What did we find when we came to fix the rents? We had a communication from the Minister to say that he would only be prepared to sanction a grant of 15 per cent. towards the [1560] charges on that scheme of 48 houses. The excuse he put forward for his action was that the people going into the houses should be able to build their own houses. If they were in that position, then I would agree with the Minister, but instead, they are ordinary working class people. As I said to-day on the Cement Bill, instead of waiting on for years in a house until it was condemned, they decided to take one of these houses. If they continued to live on in a house until it was condemned they would then be able to get a new house at 5/- a week, to the cost of which the Government makes a contribution of 66? per cent. I can assure the Minister that the working men who have gone into those 48 houses are not millionaires, as the Minister and his Department seem to think. Instead of the council being able to let those houses at 8/10 per week, as they thought they would, assuming that the got the 33? per cent., they have now to charge a rent of 10/4 per week, exclusive of rates. The inclusive rent is somewhere in the region of 13/4 per week.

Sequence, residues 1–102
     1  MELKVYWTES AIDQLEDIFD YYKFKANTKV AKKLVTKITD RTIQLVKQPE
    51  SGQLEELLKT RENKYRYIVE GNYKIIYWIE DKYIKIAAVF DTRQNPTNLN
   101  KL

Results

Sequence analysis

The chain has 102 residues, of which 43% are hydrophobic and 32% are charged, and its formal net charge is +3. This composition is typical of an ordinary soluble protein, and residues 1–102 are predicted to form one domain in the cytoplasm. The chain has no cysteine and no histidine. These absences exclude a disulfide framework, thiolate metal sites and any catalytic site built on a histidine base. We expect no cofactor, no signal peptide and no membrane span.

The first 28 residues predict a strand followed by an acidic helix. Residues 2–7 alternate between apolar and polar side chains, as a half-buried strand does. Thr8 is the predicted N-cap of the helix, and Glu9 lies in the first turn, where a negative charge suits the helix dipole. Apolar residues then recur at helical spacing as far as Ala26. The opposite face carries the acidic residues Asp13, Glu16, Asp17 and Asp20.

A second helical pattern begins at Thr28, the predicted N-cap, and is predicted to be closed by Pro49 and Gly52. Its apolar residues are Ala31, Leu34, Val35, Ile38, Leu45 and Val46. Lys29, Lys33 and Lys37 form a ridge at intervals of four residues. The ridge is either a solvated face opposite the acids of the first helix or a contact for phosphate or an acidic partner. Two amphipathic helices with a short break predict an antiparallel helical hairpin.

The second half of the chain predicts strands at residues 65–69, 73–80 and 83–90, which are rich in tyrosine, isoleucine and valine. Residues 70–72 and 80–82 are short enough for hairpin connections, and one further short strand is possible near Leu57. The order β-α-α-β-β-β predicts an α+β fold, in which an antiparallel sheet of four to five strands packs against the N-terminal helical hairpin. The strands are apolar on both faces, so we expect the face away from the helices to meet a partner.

I want to draw the attention of the members of the Party opposite and of the members of the Labour Party and, in fact, the members of all Parties, to what I am about to say. The tenants in those 48 houses are men who work at the docks. They have three, four or five members in their families, and wanted a decent house. Just imagine a poor man working on one or two days a week at the docks being charged a rent of 13/4 a week for his house, and all because the Minister will only sanction a grant of 15 per cent. towards its erection, while the man who may be earning £4 a week, but who happens to be living in a condemned house, is able to get a new house at 5/- or 5/6 a week, the reason being that the Government, in the case of condemned houses, give a grant of 66? per cent. for the rehousing of the tenants. What happens, in fact, is that the unfortunate man who is compelled to pay a rent of 13/4 a week has to subsidise, through the rates that he pays, the provision of a new house at 5/- or 5/6 a week for a man whose income may be from £1 to 30/- a week more than his own. [1561] I think that is a terrible state of affairs, and is due to this: that we simply provided a bathroom in each of those 48 houses. The Minister holds that they are a superior type of house, and that the tenants are not entitled to receive the benefit of the 33? per cent. grant. I think that the action of the Minister and his Department is not just, equitable or fair. The people who occupy those houses are not income-tax payers. I cannot understand the mentality that is behind the action taken by the Minister and his Department, and why there should be this differentiation between various sections of our people. I feel very strongly about this. The only reason that I can see for this ill-advised action is that it was prompted by a small coterie in Dundalk who; for political reasons, thought that they would get a rap at the urban council for erecting houses of this type. In other words, the scheme was opposed by certain people who believed that we should proceed with the erection of houses for people living in slums, forgetting at the same time that we were already engaged on such schemes. We thought that it would be a good thing if we could erect this type of house for the decent type of worker. We have been penalised for doing so. I am not of a suspicious turn of mind, but I have a shrewd idea that what has happened in this case was the result of the ill-advised campaign to which I have referred. There were some people who believed that the action taken by the Minister would be a deterrent, so far as the members of the urban council were concerned, as regards proceeding with schemes of a similar nature. Those silly fools forgot that it was not the council they were hitting, but the unfortunate people who have to pay a rent of 13/4 a week for houses they ought to be able to get at about 10/6 a week.